Archive of ‘wisdom’ category

A Marvelous Moxie Marriage: The Element of Surprise!

Hey y’all, Sorry for my brief blog hiatus. I have been busy growing my wedding planning biz, Moxie Bright Events! More on that to come. I’ll be back around these parts now, because I’ve missed you guys! And I have so much to talk about! Let’s get right to it.

pinPicSurprise

One of the easiest ways to make your wedding an event to remember is to plan to embrace the element of surprise!

I know some people are not cool with surprises, and I myself on this very blog have said, “Your wedding should not be a surprise party for your groom!”

I take it all back. Well, part of it. A big GROUP wedding surprise? I’m all for it!

The element of surprise is especially effective at weddings, because, well, we all sort of know what to expect, right? Especially at the reception. Bride and Groom are announced, they dance, they sit, we eat, people give toasts, we dance, they cut the cake, and the night is over.

I am telling you it doesn’t have to be that way! Don’t get me wrong, you probably still have to hit all the benchmarks of a reception, but you can do them in an unusual way.

Let’s talk about the two ways in which we surprised our guests.

ROSE PETAL CANNON

You see, back in the day when planning our wedding was brand-new, Bob the Builder expressed his desire to shoot air cannons at the conclusion of our ceremony. Yes, you read that correctly. Bob the Builder works in reality TV, and for many years worked on the show where they played practical jokes on celebrities. You know, the one that was hosted by Mila Kunis’ baby daddy? So, not only does he know how to construct and pull off a practical joke, he’s kind of famous in certain circles for it. People expect it from him.

I shot down the idea of air cannons pretty quickly, after all, I didn’t think our historic venue would allow such a thing. Turns out, I was (kind of) wrong. Our venue, Cescaphe at The Down Town Club, did offer something “air-cannon-like” – a petal cannon. As soon as I found out about it, I booked it. And I never said a word about it to anyone. Well, I told my wedding planner. But other than Erin? Not one word.

Bob the Builder had NO IDEA there were going to be rose petals falling all around his head after we were announced into the reception. You can kind of see it on the video below, but here’s some more photographic evidence.

Photo by Redfield Photography

Photo by Redfield Photography

And, a moment later. You can clearly see me pointing at Bob the Builder. I’m saying, “I GOT YOU!”, because I indeed managed to pull off a surprise for him!

igotyou

Guest photo. Also, probably the least flattering photo of me in the history of all photos. :-)

FIRST DANCE

Really early on (before we were even engaged), Bob the Builder told me he wanted our first dance to be a choreographed tango, like Al Pacino in “Scent of a Woman”. Here it is, for the unfamiliar:

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However, the tango and a ball gown are not natural friends. In fact, you may even call them enemies. You cannot successfully tango in a ball gown. So, we came up with a solution. Our first dance would be choreographed – half traditional, half tango – and in the middle, a practical joke. Because we are performers, and natural hams, and we cannot help ourselves.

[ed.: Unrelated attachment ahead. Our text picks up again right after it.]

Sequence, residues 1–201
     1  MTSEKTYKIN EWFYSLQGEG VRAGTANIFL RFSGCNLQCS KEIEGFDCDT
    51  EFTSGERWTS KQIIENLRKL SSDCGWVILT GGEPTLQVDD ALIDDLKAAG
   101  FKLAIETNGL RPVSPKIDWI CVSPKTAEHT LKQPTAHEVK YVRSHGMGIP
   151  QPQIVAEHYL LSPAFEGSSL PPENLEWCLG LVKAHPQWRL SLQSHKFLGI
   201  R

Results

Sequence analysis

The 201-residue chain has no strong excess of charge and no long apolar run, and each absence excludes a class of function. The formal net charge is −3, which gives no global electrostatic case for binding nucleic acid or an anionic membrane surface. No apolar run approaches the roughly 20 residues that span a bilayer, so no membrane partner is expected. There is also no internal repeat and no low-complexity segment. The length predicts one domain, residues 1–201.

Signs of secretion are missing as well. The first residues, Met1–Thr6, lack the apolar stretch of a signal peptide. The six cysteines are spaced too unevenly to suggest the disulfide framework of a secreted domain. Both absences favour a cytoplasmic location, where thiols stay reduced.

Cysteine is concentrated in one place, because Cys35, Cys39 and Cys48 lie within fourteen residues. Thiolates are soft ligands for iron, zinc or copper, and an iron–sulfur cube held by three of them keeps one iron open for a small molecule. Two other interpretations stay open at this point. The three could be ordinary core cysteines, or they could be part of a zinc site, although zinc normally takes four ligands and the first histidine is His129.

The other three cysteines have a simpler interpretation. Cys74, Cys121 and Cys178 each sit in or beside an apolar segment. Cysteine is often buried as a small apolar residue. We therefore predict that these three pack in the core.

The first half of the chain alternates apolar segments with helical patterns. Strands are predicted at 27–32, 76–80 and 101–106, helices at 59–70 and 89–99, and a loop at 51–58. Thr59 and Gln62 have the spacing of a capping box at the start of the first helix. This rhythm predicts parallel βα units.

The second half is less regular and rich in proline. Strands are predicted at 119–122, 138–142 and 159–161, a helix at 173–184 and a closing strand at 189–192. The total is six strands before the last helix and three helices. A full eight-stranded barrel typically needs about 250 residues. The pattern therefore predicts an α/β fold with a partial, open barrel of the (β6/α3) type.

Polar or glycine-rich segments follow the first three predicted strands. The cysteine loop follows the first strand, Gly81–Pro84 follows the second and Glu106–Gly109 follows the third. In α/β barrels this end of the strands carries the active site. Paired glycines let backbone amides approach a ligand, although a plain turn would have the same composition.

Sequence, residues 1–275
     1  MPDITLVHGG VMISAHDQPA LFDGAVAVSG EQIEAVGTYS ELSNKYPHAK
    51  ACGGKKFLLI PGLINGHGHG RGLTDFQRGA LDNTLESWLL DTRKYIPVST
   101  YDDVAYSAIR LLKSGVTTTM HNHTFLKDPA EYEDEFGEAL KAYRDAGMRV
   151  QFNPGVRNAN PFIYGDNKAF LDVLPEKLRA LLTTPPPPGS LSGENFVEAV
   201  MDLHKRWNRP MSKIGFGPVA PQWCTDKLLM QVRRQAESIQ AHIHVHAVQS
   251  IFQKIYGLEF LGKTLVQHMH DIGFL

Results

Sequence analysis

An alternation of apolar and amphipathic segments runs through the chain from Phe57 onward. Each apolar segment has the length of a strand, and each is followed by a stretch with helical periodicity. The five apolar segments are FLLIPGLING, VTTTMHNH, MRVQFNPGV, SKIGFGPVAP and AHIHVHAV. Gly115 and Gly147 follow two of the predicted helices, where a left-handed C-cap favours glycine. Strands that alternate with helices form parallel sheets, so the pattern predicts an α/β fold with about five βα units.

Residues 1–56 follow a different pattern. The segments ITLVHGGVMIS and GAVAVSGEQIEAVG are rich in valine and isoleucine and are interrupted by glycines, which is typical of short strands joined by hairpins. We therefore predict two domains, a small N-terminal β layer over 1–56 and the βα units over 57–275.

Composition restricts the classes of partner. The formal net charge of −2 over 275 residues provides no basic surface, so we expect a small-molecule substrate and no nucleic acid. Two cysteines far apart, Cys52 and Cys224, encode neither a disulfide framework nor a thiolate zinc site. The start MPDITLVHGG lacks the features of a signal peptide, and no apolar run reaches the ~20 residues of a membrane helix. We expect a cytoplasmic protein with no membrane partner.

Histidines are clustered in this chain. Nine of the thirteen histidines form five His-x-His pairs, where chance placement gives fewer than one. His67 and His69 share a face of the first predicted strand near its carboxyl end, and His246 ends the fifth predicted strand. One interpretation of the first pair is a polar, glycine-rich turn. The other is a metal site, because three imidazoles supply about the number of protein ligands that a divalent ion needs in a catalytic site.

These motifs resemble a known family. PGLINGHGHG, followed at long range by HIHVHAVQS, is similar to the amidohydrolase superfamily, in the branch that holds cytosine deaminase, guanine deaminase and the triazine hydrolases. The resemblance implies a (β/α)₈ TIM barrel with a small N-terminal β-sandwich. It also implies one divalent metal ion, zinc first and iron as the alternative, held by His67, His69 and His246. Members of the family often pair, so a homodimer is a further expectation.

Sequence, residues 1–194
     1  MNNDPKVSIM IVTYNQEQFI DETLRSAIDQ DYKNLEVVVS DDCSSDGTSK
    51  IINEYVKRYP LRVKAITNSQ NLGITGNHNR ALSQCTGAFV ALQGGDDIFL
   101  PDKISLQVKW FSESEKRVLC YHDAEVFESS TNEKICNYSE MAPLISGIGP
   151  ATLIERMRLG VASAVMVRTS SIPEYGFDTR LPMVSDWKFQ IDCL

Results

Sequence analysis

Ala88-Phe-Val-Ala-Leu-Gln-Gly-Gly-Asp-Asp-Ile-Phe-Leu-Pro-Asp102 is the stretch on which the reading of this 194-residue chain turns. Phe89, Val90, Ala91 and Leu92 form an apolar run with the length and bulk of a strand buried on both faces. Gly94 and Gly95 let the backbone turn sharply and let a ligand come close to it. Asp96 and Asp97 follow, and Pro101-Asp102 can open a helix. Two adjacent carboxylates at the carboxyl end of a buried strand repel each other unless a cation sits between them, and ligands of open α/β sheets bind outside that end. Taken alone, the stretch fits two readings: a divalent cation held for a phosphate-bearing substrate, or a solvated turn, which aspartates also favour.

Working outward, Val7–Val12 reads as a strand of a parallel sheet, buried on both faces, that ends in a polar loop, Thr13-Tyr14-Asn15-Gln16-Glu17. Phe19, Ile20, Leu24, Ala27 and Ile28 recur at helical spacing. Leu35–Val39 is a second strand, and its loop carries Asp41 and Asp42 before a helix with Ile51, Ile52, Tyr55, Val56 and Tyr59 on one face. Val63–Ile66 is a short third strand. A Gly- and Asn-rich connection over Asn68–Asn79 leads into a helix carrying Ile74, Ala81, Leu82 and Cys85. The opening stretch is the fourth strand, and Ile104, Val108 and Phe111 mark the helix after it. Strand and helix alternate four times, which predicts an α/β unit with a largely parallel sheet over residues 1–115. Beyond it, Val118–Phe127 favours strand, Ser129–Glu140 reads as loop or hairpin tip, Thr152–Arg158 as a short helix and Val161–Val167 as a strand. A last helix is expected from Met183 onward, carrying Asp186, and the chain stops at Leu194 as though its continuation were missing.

Our good friend Angela, (who just happens to be a Broadway dancer) choreographed our dance, and taught it to us in our living room. We did our best not to butcher it too much.

Here’s the whole shebang. I spared you the first few minutes of the video where our family and bridal party entered. You’re welcome.

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In the middle of the dance, when the music cuts out, you can hear my Uncle John yell, “You’ve gotta be f&%*&n’ kidding me!”. I love my East Coast family. Always keeping it real!

In case you are wondering, the songs we used are “Grow Old With Me” By Jason Robert Brown, and “Por Una Cabeza” by Gardel.

If you’d like to add the element of surprise to your Big Day, I have some tips. (Of course, I do!)

Here’s how to do it:

1. Make sure it’s a FUN surprise, not a MEAN surprise. Bob the Builder and I talked about many different scenarios for his “final prank as a single man”, as it came to be called. One early idea was to (fake) his arrest by a Philly police officer right before the ceremony began. This idea was nixed once we realized how truly upset that would have made our guests.

2. If you are planning to surprise your partner, make sure it’s something they actually WANT, and not something that only you want. You’re in this thing together, peeps.

3. Don’t talk about it. That seems simple, but you and I both know that when you’re planning a wedding, pretty much all you want to talk about is your wedding. My mom asked me “What song are you using for your first dance?” I said, “It’s a surprise.” She seemed annoyed by that answer, so I followed up with, “You wouldn’t know the song anyway!” She had to wait to experience it with everyone else. It’s much better that way!